my roomate moved out the 2nd week of june and i've gotten letters from incidents before that. I have no bit torrent clients running on any machines i have running right now. looking at my router my downloads per month dropped about 50gig since hes gone and my uploads barely top 200 so there is no way im sharing stuff.

just curious if im gonna end up paying for crap he did while living with me.


akawaldojr

join:2004-10-23
Dubuque, IA
reply to ALsuspended

I download unlicensed fansub anime. I use utorrent. I get most of my stuff from private trackers.

They sent me a letter telling me I downloaded avatar by mnight shitinmyhand.

Every torrent that I ever clicked on in the past 2 years is saved in a nice little folder for me in case I want to seed or download the anime again.

IT never went through my computer and I am directly connected to the modem.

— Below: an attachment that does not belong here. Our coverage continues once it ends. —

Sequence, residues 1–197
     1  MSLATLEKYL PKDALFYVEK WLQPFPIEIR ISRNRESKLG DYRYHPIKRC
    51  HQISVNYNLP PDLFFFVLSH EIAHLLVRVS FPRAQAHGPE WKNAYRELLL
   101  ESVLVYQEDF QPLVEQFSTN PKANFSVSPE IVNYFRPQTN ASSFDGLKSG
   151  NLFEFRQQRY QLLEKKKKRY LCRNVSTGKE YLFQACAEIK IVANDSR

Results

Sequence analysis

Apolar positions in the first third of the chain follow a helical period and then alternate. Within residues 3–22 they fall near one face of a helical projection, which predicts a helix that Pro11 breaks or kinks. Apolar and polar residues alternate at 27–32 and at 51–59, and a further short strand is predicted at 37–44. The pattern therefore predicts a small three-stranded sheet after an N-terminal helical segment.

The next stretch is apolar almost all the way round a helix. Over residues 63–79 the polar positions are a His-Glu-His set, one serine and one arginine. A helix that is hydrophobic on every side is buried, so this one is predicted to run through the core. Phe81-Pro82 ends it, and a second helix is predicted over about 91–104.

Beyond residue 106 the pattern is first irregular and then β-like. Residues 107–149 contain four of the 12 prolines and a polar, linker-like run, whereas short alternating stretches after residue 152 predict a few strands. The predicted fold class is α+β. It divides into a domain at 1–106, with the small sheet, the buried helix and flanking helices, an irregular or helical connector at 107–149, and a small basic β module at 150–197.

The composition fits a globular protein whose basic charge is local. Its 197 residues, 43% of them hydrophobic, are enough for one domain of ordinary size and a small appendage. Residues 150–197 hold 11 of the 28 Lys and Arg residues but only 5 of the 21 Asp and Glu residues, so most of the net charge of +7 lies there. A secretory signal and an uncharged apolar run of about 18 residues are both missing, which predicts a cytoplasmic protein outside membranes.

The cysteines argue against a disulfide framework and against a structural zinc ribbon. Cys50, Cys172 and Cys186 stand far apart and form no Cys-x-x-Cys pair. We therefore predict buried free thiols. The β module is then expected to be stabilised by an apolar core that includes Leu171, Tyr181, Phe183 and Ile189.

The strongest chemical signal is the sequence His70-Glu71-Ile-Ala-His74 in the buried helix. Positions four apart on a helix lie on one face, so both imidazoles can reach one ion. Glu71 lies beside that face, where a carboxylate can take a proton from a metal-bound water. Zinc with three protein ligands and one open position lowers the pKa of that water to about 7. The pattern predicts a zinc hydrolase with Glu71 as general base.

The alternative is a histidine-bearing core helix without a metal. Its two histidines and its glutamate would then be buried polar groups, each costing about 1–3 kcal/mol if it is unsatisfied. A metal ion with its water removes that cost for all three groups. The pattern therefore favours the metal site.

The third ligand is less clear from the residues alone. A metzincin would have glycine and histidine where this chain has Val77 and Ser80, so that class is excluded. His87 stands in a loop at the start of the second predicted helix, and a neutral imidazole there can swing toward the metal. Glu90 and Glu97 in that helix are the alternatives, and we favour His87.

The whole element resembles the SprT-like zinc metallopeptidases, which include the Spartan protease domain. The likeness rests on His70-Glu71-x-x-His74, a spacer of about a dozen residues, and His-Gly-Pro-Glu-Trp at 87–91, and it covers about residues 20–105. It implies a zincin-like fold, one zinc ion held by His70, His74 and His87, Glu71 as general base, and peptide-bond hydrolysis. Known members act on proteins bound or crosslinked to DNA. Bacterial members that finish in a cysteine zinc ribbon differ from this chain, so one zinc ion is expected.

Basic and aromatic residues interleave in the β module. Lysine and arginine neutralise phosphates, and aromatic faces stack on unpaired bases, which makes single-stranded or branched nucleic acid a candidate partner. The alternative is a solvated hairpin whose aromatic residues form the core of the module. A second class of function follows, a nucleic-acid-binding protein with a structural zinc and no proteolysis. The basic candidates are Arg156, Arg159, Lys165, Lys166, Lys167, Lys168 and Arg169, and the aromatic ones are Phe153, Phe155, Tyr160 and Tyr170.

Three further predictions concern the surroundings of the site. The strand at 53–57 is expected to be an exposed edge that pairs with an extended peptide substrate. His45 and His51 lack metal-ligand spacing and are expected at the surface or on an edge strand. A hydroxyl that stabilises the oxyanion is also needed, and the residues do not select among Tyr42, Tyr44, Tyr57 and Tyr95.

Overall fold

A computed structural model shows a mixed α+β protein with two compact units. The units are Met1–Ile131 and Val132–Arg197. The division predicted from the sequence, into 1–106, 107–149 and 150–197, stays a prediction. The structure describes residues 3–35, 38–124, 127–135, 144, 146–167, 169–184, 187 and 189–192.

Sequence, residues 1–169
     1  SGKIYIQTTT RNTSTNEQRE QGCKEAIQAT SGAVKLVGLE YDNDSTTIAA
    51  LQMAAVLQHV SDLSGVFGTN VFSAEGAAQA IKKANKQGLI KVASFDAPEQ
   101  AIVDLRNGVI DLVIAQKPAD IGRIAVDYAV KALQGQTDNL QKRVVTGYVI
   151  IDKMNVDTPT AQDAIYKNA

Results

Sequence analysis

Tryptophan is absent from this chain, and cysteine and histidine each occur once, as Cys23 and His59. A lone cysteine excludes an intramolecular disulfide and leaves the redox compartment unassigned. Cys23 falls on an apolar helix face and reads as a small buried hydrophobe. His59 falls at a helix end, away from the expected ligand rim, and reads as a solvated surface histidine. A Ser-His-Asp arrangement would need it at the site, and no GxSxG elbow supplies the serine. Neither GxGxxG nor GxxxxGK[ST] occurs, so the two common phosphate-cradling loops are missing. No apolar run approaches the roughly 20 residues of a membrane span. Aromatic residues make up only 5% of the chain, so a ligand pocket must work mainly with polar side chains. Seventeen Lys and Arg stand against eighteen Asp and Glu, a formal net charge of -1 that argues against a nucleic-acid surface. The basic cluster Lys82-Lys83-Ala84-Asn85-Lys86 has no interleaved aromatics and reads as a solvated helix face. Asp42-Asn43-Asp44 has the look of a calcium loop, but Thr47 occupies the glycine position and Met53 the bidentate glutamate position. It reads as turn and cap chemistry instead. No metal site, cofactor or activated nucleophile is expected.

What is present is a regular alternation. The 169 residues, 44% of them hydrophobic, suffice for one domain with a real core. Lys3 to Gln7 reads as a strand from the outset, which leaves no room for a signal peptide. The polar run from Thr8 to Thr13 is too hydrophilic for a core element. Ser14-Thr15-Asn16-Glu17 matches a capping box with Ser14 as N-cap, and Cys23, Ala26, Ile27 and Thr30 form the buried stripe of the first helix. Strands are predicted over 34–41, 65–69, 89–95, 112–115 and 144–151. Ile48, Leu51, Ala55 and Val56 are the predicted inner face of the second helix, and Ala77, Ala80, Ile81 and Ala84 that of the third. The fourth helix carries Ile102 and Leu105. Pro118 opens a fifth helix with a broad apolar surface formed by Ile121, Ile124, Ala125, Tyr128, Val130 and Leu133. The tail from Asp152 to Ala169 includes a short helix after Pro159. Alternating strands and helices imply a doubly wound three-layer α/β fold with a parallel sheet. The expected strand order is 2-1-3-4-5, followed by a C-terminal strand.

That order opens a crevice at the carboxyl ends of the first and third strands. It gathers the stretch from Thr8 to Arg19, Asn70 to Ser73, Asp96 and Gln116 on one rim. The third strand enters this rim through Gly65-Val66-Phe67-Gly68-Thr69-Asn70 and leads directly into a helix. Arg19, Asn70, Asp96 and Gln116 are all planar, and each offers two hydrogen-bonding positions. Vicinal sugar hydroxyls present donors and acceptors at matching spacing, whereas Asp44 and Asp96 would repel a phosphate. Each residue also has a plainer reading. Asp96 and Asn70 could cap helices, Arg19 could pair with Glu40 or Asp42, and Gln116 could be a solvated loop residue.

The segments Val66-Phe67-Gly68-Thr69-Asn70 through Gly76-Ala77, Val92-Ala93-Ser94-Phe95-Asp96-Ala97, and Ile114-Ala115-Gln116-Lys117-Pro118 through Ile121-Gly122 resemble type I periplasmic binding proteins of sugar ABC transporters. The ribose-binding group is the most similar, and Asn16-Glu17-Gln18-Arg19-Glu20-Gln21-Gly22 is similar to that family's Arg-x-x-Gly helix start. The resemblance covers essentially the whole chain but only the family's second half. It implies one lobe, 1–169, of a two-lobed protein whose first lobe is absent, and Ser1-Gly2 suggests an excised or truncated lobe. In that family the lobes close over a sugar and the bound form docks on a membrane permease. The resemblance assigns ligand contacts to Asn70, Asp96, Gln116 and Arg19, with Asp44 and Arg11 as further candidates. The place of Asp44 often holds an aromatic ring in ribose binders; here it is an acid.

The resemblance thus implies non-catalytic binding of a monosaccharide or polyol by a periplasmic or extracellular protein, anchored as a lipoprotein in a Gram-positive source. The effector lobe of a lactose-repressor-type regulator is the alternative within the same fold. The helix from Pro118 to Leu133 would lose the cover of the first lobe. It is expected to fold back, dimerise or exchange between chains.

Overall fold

v_lestat
The Blood Is The Life

join:2002-11-09
reply to anon0

said by anon0 :

what if you get a letter and know all bit torrenting in the house is stopped, but a get a letter from a previous week or 2 before the first letter? do you actually get turned off at 3 letters? or is it 3 infringement letters from the same company, like 3 from cbs or 3 from hbo or something.

my roomate moved out the 2nd week of june and i've gotten letters from incidents before that. I have no bit torrent clients running on any machines i have running right now. looking at my router my downloads per month dropped about 50gig since hes gone and my uploads barely top 200 so there is no way im sharing stuff.

just curious if im gonna end up paying for crap he did while living with me.
You are 100% liable in many states for the actions taken by your roommate because he is a resident of your legally rented appartment.

now, if you two both signed the lease, and both split the cable bill cost, utilities, etc, you have the ability to prove that it was a joint venture and therefore not liable for the actions of your roommate.

but if the cable, apartment, utilities, etc are in your name, then you are s.o.l. my friend.

the excuse that "my roommate did it" doesnt hold water in very many states.
--
System Specs
Intel Q9650 Quad Core @ 3.85ghz Water Cooled
DFI X48 T2RSB Plus - 2gb OCZ PC9200 Reapers -SB X-Fi -8800 GTX 768meg
Logitech Z5300 THX 5.1 spk
Dell 2407 LCD and Dell 2007 LCD

threexk

join:2009-01-13
reply to BAINCH

said by BAINCH:

said by drslash: